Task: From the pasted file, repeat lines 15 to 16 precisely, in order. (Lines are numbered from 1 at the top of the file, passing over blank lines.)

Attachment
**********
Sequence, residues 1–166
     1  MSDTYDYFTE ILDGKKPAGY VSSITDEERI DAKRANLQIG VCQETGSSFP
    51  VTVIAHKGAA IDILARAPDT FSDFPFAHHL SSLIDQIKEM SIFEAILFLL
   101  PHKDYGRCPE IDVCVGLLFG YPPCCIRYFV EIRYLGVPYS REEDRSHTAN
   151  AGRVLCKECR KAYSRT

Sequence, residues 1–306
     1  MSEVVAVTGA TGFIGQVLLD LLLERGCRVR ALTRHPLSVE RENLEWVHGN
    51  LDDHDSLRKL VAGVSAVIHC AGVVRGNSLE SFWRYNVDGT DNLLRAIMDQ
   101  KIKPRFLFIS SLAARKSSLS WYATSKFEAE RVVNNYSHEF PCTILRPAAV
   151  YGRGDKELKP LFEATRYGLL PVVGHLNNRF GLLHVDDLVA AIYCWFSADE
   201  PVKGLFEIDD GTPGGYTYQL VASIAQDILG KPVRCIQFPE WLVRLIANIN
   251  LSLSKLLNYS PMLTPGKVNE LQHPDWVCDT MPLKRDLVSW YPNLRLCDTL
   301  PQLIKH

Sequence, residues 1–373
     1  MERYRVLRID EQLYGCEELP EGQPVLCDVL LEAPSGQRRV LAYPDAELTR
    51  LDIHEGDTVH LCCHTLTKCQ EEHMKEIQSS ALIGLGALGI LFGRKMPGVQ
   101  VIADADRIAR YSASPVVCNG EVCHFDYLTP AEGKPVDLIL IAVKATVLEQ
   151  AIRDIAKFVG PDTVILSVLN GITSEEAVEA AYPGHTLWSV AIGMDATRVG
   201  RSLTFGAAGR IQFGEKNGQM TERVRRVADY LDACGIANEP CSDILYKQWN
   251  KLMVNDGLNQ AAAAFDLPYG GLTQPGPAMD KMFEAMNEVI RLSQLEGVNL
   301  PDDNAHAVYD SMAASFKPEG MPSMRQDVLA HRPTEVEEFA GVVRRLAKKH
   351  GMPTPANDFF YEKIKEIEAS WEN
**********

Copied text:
     1  MERYRVLRID EQLYGCEELP EGQPVLCDVL LEAPSGQRRV LAYPDAELTR
    51  LDIHEGDTVH LCCHTLTKCQ EEHMKEIQSS ALIGLGALGI LFGRKMPGVQ